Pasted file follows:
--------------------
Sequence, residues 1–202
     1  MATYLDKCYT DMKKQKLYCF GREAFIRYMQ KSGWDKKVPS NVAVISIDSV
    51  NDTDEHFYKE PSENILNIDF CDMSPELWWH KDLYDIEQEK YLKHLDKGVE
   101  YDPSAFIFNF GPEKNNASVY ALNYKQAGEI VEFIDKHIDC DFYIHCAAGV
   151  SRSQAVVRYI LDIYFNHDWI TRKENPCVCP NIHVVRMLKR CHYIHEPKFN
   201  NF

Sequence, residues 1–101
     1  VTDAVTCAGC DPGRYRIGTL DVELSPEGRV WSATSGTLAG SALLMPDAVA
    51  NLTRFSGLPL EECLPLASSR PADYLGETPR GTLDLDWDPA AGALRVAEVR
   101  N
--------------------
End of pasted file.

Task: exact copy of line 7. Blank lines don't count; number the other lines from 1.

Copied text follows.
Sequence, residues 1–101